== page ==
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2005

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Full-Text Articles in Law

Justice Blackmun And The Spirit Of Liberty, Richard C. Reuben Oct 2005

Justice Blackmun And The Spirit Of Liberty, Richard C. Reuben

Faculty Publications

As we see in this symposium, Justice Harry Blackmun is as controversial in death as he was in life. We live in a time of increasing absolutism, where things are either black or white, red or blue, you are either for me or against me, my way or the highway. It is when we are swayed by the sirens of absolutism that we are most likely to make mistakes, for absolutism diminishes our capacity to see nuance, much less to appreciate and account for it in our reasoning. This is a dangerous thing in a court, and in a democracy ...


Foreword - Reflections On Judging: A Discussion Following The Release Of The Blackmun Papers , Christina E. Wells, Martha Dragich Oct 2005

Foreword - Reflections On Judging: A Discussion Following The Release Of The Blackmun Papers , Christina E. Wells, Martha Dragich

Faculty Publications

Justice Blackmun's papers were opened to the public on March 4, 2004, the fifth anniversary of his death. Held in the Manuscript Division of the Library of Congress, the collection includes over half a million items, many handwritten by Justice Blackmun. Anyone can read them. For legal scholars, this kind of research can only be described as exhilarating and many of the articles in this symposium draw on research from Justice Blackmun's papers. For the public, the release comes at a time when the interest in judges is particularly acute.


Some Reflections On The Symposium: Judging, The Classical Legal Paradigm And The Possible Contributions Of Science, Christina E. Wells Oct 2005

Some Reflections On The Symposium: Judging, The Classical Legal Paradigm And The Possible Contributions Of Science, Christina E. Wells

Faculty Publications

One theme running through the many excellent contributions to this symposium involves the myriad influences on judicial decision-making. As Professor Wrightsman notes, Supreme Court Justices' personal characteristics may affect their ability to influence colleagues and, consequently, the outcome of Supreme Court decisions. Professor Ruger observes that judges have both attitudinal and jurisprudential preferences that may change over time, affecting legal outcomes differently as time passes. Professor Sisk similarly notes that judges' personal values and experiences influence their decision-making. These observations are consistent with those of numerous other scholars, who find wide-ranging and diverse influences on the judicial resolution of legal ...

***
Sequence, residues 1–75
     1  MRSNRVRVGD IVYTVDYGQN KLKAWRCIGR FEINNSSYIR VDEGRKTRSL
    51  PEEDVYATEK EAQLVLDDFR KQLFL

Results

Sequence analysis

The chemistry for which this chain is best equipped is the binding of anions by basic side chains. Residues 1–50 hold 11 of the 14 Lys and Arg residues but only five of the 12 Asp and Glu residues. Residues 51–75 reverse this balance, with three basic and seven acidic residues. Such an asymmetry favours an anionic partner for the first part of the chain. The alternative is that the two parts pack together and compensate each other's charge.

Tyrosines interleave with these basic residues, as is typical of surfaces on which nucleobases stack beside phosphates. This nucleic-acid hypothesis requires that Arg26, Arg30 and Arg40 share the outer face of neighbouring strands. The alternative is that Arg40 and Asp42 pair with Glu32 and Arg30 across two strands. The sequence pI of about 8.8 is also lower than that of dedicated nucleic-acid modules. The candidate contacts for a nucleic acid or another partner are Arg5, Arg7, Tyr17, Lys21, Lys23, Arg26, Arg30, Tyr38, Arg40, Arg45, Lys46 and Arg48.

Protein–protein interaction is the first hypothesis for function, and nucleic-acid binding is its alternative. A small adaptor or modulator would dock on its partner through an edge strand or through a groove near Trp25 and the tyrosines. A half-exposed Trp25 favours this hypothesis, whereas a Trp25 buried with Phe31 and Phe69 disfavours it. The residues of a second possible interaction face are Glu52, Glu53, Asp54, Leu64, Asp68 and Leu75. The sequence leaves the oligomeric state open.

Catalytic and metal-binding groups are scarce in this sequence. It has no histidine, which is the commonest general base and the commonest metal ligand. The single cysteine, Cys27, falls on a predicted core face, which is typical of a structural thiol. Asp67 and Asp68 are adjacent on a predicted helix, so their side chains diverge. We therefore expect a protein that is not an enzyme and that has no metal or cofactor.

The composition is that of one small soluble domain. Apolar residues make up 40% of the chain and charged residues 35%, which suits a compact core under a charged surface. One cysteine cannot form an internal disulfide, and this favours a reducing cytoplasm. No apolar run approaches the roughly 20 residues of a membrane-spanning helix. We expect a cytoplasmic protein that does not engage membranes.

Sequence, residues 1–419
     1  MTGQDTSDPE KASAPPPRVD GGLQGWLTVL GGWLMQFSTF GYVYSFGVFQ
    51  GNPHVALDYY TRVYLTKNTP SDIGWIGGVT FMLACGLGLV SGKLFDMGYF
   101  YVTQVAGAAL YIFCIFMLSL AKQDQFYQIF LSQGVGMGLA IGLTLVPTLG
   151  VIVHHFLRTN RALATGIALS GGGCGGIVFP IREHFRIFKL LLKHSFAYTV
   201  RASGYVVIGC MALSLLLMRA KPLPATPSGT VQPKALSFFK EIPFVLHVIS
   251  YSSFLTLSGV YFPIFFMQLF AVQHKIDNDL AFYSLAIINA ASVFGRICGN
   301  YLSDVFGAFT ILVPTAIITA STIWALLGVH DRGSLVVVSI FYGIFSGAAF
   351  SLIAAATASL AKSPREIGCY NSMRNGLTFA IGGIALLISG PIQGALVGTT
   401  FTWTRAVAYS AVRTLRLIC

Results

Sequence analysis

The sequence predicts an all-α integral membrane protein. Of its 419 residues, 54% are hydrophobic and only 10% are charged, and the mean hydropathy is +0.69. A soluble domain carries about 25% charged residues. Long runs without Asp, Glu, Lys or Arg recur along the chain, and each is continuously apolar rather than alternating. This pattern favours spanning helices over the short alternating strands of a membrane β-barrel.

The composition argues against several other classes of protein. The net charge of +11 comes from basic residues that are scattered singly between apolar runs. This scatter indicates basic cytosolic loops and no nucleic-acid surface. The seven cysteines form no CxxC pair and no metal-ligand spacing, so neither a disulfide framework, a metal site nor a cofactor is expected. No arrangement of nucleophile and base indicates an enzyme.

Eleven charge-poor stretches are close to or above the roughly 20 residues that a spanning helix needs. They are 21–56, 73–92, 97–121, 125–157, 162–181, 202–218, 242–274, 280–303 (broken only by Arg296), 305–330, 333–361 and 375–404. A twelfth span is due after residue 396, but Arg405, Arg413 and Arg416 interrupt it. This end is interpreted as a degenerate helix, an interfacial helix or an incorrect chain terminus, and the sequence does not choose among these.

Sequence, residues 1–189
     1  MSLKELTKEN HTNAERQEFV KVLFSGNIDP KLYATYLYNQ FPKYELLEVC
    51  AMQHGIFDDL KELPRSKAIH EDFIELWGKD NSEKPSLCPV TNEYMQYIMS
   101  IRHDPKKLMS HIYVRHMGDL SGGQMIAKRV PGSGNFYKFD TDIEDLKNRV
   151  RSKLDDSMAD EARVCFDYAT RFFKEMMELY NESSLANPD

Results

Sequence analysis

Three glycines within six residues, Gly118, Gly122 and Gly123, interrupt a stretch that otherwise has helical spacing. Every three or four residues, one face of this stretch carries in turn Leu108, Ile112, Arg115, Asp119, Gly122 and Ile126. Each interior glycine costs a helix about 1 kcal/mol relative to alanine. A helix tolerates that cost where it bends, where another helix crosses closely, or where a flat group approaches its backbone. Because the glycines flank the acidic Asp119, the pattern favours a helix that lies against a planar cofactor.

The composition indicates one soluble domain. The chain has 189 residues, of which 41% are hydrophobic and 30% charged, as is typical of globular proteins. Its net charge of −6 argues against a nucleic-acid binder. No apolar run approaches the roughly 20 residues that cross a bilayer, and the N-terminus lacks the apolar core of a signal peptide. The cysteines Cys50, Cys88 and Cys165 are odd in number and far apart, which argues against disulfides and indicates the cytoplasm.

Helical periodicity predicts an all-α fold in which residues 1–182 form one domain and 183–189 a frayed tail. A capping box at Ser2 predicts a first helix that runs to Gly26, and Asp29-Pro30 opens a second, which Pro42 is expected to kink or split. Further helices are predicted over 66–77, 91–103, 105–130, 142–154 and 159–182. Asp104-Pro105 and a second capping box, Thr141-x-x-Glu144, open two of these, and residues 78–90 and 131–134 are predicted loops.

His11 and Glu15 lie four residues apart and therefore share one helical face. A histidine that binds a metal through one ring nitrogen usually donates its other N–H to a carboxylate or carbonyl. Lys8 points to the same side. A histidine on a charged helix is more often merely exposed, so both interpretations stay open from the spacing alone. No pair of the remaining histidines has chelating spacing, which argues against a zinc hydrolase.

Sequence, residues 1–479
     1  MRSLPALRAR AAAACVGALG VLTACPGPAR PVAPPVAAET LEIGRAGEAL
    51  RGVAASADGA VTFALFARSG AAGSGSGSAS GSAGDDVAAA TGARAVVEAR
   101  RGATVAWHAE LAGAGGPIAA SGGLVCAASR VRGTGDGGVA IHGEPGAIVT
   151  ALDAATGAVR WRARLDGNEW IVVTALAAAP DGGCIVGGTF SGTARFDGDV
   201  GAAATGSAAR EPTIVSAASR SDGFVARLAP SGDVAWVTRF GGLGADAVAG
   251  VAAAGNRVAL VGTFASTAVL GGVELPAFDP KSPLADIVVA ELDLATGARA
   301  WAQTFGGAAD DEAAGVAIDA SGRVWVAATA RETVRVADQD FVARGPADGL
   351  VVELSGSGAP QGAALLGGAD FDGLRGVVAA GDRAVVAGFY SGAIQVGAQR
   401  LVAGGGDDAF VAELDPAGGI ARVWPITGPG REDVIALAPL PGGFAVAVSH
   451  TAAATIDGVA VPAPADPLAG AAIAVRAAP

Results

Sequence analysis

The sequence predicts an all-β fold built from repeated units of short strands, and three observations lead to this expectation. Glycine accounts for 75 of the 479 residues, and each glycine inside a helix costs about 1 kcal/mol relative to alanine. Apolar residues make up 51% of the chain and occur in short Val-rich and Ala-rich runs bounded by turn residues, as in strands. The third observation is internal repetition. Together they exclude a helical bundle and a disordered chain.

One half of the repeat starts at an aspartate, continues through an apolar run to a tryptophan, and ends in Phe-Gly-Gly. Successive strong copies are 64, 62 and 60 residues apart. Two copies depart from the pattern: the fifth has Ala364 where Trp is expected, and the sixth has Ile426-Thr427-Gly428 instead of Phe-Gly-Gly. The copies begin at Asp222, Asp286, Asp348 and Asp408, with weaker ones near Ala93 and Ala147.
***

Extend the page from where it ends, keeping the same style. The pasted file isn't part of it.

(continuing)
Casenote: Killing Life Partners: Why Viatical Settlements Constitute Securities – In Light Of The Sec V. Mutual Benefits Corporation And Other Recent Cases Explicitly Rejecting Life Partners, Brian Levin Sep 2005

Casenote: Killing Life Partners: Why Viatical Settlements Constitute Securities – In Light Of The Sec V. Mutual Benefits Corporation And Other Recent Cases Explicitly Rejecting Life Partners, Brian Levin

ExpressO

No abstract provided.


The Recognition Of Same-Sex Relationships: Comparative Institutional Analysis, Contested Social Goals, And Strategic Institutional Choice, Nancy J. Knauer Sep 2005

The Recognition Of Same-Sex Relationships: Comparative Institutional Analysis, Contested Social Goals, And Strategic Institutional Choice, Nancy J. Knauer

ExpressO

The emerging field of comparative institutional analysis (CIA) has much to offer public policy analysts. However, the failure of CIA to address the dynamic process through which social goals are articulated limits the scope of its application to the largely prescriptive pronouncements of legal scholars. By examining the movement for equal recognition of same-sex relationships, this Essay builds on the basic observations of CIA and introduces a new dimension, namely the dynamic process through which social goals are articulated and social change is pursued. The acknowledgment that the production of social goals involves institutional behavior, as well as multiple sites ...


The Recognition Of Same-Sex Relationships: Comparative Institutional Analysis, Contested Social Goals, And Strategic Institutional Choice, Nancy J. Knauer Sep 2005

The Recognition Of Same-Sex Relationships: Comparative Institutional Analysis, Contested Social Goals, And Strategic Institutional Choice, Nancy J. Knauer

Nancy J. Knauer